Every great landing page or guided web experience has some call-to-action element. This could be a button, signup form, settings menu, or anything that gets the user moving through a predetermined experience.
I’d like to examine design features and trends that can be used for better call-to-action design elements.
There are many case studies and research articles detailing CTA action, but few cover the overlap between design and marketing.
Creating Calls to Action
Contrast Draws Attention
Digital art and design students often learn the value of contrast when first diving into studies. The term “contrast” describes a relational situation; certain elements create contrast when placed near other elements.
For example, the homepage of Sketch for OS X places a brightly-colored button next to a ghost button. Even a quick glance should draw your attention directly to the “buy now” button.
This was done on purpose to create a sense of urgency and curiosity. Sketch wants to sell more licenses. The creators know many people visiting the site have done the research and already want to purchase a copy. Others may just be looking for more info, but the path to purchasing a license is lit up like a Christmas tree.
A similar technique is used on Manpacks, a website selling collections of manly things like razors and undergarments.
Most of the site follows a white-and-black pattern with photos and icons interspersed throughout the content. But only a couple of buttons use the bright green background.
This builds high contrast on the page even if you don’t want to see it. The effect permeates through all visitors and it’s a proven technique for successful CTA design.
Matching Color Schemes
Just building contrast is not enough to secure increased conversions. It’s also worth noting that colors should be in agreement and match in a positive way.
The term “contrast” can include things like dissonance and juxtaposed elements that push users away rather than draw them closer. You should aim for the latter.
Let’s look at the homepage for Web Designer News. Darker shades of blue/purple meld together and fade into the background.
This leaves small highlights of bright pink that stand out clear as the morning sun. You’ll notice the pink color is only applied to significant elements; namely the logo, “submit story” link, and the newsletter signup button.
Once you understand the tenets of color you’ll have a better grasp of how to match color schemes with contrast. The more you study and practice(AKA applied study), the more you’ll learn and grow comfortable picking schemes that blend together.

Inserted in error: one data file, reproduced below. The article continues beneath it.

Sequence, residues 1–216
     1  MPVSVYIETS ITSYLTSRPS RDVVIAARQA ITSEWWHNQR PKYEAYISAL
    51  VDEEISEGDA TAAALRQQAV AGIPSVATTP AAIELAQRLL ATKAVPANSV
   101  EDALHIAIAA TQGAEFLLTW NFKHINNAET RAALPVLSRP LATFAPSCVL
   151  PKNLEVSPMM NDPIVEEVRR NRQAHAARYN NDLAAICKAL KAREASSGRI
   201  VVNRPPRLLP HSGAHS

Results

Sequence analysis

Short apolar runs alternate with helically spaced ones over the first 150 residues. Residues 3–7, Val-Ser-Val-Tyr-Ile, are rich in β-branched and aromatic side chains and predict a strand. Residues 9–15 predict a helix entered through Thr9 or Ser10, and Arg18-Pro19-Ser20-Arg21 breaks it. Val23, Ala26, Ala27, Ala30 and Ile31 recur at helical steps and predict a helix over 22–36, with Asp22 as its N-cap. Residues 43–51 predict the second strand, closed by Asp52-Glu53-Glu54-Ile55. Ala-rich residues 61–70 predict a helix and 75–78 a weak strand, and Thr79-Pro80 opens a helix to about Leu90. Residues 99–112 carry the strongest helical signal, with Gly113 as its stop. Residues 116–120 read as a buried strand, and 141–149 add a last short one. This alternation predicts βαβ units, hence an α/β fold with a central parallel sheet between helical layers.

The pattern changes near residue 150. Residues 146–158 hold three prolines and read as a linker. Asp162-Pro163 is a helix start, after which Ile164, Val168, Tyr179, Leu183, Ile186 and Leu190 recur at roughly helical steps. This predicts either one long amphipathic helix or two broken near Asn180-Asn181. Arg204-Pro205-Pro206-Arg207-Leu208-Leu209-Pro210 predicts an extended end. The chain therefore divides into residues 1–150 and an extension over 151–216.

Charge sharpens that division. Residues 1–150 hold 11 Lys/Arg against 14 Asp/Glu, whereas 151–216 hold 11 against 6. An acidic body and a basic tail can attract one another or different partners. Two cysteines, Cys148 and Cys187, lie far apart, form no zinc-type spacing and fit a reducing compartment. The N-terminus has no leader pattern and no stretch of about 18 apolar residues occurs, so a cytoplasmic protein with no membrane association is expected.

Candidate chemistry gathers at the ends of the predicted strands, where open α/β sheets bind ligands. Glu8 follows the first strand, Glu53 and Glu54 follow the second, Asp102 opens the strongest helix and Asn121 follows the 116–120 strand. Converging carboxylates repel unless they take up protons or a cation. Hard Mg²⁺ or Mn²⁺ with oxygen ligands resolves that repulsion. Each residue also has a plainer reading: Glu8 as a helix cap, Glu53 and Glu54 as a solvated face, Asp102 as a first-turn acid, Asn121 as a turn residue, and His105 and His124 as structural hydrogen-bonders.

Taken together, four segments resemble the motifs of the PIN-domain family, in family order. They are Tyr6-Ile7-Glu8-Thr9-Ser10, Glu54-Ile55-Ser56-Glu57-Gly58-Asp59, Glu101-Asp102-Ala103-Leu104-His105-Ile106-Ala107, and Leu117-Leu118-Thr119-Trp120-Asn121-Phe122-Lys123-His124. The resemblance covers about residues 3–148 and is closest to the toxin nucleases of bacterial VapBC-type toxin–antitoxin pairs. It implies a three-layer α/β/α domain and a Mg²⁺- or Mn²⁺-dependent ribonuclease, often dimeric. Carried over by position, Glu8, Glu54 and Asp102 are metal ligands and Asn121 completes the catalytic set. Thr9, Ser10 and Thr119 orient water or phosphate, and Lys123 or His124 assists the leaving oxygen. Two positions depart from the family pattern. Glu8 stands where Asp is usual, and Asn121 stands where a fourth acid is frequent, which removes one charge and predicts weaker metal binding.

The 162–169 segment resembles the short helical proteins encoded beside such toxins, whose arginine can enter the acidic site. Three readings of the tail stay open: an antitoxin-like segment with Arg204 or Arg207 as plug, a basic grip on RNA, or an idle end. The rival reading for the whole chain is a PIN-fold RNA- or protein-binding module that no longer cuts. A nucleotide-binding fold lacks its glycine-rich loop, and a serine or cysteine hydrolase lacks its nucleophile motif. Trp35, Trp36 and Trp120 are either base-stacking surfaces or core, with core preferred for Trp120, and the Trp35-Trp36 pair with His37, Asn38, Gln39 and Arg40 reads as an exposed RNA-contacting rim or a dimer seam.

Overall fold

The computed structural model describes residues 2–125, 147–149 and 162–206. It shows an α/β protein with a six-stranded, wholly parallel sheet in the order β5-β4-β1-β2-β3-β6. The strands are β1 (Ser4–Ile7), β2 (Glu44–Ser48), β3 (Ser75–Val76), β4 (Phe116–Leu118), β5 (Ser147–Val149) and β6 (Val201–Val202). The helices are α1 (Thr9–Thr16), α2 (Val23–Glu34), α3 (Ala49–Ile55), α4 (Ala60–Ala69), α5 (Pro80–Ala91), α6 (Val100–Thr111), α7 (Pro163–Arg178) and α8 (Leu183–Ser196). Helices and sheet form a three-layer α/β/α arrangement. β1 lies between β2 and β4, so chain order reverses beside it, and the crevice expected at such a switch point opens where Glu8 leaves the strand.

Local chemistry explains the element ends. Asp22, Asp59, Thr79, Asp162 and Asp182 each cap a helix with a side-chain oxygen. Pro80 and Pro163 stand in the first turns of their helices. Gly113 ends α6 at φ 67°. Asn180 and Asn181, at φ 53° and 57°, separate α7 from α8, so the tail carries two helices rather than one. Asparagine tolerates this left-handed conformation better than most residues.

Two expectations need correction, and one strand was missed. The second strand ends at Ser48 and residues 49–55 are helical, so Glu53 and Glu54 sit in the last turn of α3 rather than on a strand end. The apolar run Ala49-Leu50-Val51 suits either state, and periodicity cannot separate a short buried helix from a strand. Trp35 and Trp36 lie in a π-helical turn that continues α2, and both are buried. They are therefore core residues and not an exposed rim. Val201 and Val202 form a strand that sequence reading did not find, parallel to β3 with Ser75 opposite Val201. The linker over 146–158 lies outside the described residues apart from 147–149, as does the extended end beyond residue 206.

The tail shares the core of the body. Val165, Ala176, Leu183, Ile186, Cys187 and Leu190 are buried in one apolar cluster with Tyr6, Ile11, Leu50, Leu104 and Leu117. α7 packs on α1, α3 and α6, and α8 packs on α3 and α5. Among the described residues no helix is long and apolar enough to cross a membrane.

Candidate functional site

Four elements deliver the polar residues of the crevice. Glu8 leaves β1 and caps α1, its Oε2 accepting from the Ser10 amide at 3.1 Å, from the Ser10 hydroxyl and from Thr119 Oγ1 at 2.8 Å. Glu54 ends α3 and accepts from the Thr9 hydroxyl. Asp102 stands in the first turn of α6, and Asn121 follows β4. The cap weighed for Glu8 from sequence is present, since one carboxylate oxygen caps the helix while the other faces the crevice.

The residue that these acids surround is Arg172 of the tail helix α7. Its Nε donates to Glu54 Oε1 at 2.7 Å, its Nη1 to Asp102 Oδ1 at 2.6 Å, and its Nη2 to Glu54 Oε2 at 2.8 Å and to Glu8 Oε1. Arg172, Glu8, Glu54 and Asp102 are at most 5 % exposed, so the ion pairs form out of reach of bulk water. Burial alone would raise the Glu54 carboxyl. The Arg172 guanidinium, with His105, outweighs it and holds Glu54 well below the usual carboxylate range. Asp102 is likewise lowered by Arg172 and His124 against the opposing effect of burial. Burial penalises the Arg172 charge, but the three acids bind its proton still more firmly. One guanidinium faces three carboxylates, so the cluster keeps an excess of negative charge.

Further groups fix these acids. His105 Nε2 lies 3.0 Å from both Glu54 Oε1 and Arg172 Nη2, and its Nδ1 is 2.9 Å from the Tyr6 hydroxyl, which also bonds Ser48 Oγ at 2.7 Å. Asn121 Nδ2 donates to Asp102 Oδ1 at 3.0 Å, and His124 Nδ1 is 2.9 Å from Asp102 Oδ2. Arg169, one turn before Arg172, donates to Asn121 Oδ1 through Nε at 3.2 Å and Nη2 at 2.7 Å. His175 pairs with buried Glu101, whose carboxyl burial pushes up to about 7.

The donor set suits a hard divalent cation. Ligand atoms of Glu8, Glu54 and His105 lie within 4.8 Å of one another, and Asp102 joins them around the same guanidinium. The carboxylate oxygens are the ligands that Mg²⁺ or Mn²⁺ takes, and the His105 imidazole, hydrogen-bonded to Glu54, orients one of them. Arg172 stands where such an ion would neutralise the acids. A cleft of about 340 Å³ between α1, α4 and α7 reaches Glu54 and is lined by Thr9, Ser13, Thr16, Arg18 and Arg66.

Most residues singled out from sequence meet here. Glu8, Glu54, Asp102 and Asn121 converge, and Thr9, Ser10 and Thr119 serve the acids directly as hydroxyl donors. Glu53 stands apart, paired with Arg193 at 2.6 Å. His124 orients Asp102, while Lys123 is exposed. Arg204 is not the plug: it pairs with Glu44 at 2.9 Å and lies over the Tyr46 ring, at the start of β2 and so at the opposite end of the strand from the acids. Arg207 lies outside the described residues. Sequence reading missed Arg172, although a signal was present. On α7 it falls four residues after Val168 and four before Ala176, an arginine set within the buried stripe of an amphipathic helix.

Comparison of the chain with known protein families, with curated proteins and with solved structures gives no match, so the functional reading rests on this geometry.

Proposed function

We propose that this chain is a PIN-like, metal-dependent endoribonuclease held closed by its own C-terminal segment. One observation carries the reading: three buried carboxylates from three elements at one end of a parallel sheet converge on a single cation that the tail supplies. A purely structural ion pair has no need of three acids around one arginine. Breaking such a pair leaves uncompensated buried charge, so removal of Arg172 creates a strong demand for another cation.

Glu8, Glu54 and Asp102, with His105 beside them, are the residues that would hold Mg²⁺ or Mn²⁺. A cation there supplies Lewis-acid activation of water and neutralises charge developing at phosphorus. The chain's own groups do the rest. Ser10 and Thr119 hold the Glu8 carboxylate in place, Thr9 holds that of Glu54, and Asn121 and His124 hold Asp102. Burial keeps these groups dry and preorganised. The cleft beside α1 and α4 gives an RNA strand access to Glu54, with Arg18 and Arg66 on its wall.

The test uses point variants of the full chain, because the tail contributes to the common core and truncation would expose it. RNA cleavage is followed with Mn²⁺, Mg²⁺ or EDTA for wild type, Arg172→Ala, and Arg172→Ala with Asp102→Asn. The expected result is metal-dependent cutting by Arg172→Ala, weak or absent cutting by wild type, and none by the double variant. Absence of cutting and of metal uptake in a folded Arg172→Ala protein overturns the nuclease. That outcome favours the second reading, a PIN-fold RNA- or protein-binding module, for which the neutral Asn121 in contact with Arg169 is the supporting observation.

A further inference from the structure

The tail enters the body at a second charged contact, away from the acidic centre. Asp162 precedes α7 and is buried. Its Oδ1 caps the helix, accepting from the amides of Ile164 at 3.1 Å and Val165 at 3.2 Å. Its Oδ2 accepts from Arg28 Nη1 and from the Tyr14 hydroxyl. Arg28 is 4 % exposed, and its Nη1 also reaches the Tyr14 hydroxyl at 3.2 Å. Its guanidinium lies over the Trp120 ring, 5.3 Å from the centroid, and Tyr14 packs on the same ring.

Bixbi goes a different route by blending colors together. The page uses yellow with dark text but relies on a darker orange for button colors.
The contrast here is greatly reduced but still visible. The differences lie in tonality and design choice. But keep an open mind because your goals will vary with each project.
Enlarged Text And Buttons
Another relational design trend is size. If all other elements on the page are a similar size with one super-large button, guess what’ll stand out the most.
Eric Ries’ Lean Startup Pack uses varying text sizes and bright graphics. But one element in particular jumps off the page: a peculiar green signup button.
This uses both color and text size to draw attention. Again this doesn’t look annoying or out-of-place but it does stand out enough to capture attention.
Major news site TechCrunch has a similar technique. Their featured stories get spotlight attention with larger text and thumbnail photos.
Another vague yet important element is the “send us a tip” link in the top sidebar column. Although it blends into the background, this element uses large text and dividers to keep it segmented as close to the top as possible.
Consistency and Blending
It may seem counterintuitive but blending techniques are often the best ways to coax visitors towards interactivity.
Call to action elements shouldn’t necessarily blend in. However, it’s the other elements that do blend that help CTA elements stand out. A consistent design pattern keeps the page in balance and gives the design a professional slant.
For example, the Chartbeat header uses numerous buttons all styled in the same fashion. Yet some have different background colors to build separation from more general content.
But my favorite example can be found on the CakePHP website. Notice how two elements in the header use slanted angles and bright colors similar to that of a retro 1950’s sign.
One element displays the current CakePHP version number. The other is a link to the download page.
They blend naturally into the layout but only one is interactive. This is a great design technique to capture attention without being too obtrusive.
Plan Ideas For Each Project
It’s important to work with these ideas for every project you manage. What works on one site may not carry over well for another.
Be flexible and willing to try multiple solutions. A/B split testing is always a great technique for designers working on conversion rates. But ultimately the more you work on new projects, the more you’ll internalize which CTA design trends fit best for individual audiences.